235. As a first answer to Baroness Gould, although they come together almost in a formal way, they are not created, if you like, by statute. There is no particular instrument that sets up the bodies, and I presume that was the distinction that was being drawn.
  (Dr Thatcher) Yes, there are no legal rules or procedural rules.

Baroness Gould of Potternewton

  236. What do they do at these meetings? What is the purpose of these groupings? Do they take decisions? What sort of responsibilities do they have? Why do they meet?
  (Dr Thatcher) I think it is much more nebulous than that. Usually, European Commission officials are there. So they are swapping information in both directions. They are saying to the Commission, "This is what we would like to see. This is what we think should be done". The Commission is passing information to them. It is one reason why I started off with my first slide. One needs to be aware of how the regulator game is being played. It is not just being played within Member States; it is being played between Member States, between certain actors at the national level and at the European level.

  237. Is that a good thing?
  (Dr Thatcher) I think it raises issues of transparency. It might give you better policies. They might well be swapping best practices, but it certainly raises issues of transparency. That is absolutely right. They are also learning from each other. They say, "We have a problem with the cost of capital. How do you do it?". Sometimes they are using the fora to try to gain support for domestic changes. They can go back to their governments and say, "This is how it is done in Britain. In Britain they have a proper independent regulator. What are we doing here? Why are we not a proper independent regulator?".

Lord Elton

  238. Can I ask you to comment on the difference in the cost of general competition authorities in this country and in France, Germany and Italy, and whether that is reflected in any way in the experience of consumers or of providers?
  (Dr Thatcher) There is a paradox here. In France the Conseil de la Concurrence is not a particularly strong body. It is becoming stronger but it is not nearly as strong as, say, the Monopolies and Mergers Commission—the Competition Commission as it is now—in Britain. In Germany, however, the Bundeskartellampt is an extremely strong regulator. It is the main regulator; it has a long history and has been much more significant than the regulators in Britain. In terms of their power, therefore, your question is a difficult one. I do not think that there is a straightforward answer. There may not be a straightforward correlation between spending and power. In terms of users, it is very difficult.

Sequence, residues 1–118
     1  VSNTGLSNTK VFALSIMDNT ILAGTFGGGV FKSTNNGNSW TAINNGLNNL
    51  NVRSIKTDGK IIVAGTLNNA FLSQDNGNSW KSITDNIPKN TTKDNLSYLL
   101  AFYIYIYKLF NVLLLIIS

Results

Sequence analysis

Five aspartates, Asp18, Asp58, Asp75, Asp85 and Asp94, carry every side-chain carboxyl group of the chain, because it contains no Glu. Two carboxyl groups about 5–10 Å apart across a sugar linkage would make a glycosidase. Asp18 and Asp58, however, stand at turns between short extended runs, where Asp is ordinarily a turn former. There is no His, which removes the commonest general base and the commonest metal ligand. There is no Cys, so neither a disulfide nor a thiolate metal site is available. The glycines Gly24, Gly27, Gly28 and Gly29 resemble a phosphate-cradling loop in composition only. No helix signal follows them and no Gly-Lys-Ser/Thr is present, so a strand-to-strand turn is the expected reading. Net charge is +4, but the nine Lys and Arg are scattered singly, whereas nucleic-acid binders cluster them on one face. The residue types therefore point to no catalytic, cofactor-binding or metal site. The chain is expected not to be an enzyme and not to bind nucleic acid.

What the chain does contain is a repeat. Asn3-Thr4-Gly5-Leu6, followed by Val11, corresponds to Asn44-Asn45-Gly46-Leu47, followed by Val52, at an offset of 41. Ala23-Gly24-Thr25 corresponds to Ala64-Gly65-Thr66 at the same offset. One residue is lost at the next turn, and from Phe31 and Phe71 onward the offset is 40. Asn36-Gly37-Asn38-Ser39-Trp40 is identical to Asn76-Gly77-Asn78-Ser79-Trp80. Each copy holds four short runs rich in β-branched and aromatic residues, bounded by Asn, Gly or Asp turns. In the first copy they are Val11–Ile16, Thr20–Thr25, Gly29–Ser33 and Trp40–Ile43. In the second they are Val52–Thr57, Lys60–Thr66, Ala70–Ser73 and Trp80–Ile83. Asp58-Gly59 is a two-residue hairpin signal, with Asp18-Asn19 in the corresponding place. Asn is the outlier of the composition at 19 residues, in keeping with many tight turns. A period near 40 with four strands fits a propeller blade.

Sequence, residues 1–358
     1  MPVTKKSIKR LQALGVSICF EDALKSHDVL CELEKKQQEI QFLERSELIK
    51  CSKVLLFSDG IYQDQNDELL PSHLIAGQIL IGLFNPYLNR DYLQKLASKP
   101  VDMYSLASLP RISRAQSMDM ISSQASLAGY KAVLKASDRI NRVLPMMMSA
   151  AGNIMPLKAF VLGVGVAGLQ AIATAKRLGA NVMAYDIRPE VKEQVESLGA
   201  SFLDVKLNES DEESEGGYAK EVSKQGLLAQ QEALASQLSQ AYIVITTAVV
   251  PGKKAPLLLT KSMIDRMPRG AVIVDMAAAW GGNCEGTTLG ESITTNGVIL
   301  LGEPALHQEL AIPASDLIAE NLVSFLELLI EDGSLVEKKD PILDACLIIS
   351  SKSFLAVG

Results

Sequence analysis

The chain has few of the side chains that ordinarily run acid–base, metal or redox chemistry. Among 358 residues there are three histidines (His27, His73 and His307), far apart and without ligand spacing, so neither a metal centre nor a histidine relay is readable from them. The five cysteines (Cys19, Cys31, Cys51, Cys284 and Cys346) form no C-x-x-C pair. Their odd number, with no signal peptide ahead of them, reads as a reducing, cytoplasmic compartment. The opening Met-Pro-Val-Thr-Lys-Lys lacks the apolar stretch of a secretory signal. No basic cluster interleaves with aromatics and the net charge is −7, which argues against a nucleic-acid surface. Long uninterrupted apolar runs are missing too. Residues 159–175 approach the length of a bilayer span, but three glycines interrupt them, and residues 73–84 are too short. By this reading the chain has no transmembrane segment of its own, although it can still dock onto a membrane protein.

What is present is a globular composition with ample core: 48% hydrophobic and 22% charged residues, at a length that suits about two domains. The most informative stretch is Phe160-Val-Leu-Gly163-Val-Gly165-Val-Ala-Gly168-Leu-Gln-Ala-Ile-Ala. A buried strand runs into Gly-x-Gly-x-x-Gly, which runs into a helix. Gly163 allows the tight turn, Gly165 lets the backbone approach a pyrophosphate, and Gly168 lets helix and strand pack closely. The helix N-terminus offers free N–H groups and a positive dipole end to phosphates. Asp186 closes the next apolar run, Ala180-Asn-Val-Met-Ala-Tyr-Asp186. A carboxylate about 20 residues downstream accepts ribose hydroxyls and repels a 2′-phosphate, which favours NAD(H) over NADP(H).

239. These organisations are there to benefit the users, are they not? It is therefore a question of some importance.
  (Dr Thatcher) Yes. I am not sure I can answer the question that directly, because I think you have to look at the nature of the regulatory game. Let us take the country which I know best, France, and compare it with Britain—let us say, French telecom. You do not just have the ART in there; you have the fact that France Télécom is still publicly owned, a majority publicly owned; you have the political repercussions of that public ownership, and you have the repercussions of past years of investment. So, very typically, until fairly recently I think I would say, French telecom users had a better deal than British ones, because there had been much higher levels of investment. More recently there has been a problem, in the sense that France Télécom has had enormous debt through overseas expansion. Whereas BT has had to deal with it in a private way, France Télécom has had to deal with it in part through turning to the state, because it is majority publicly owned and they have not been able to privatise it. So in that respect I think that users have had a worse deal. Prices have gone up for certain things; France Télécom has tried to recover some of its losses. If one were to look at some of the other episodes, it is a good question—has the user had a better or worse deal? With 3G mobile, in Britain Oftel pushed absolutely for competition and for gaining the maximum amount of revenue. We have therefore had extremely expensive licences. Only in Germany are they more expensive. In France the regulator pressed to have lower-cost licences, and eventually that happened. Is that better or worse for the consumer? I do not know. The taxpayer has done well in Britain, but whether or not the high cost of licences will damage 3G in Britain remains to be seen. In France the taxpayer has done less well, but the lower cost of licences may mean that its groups are better placed to roll out 3G and to develop it.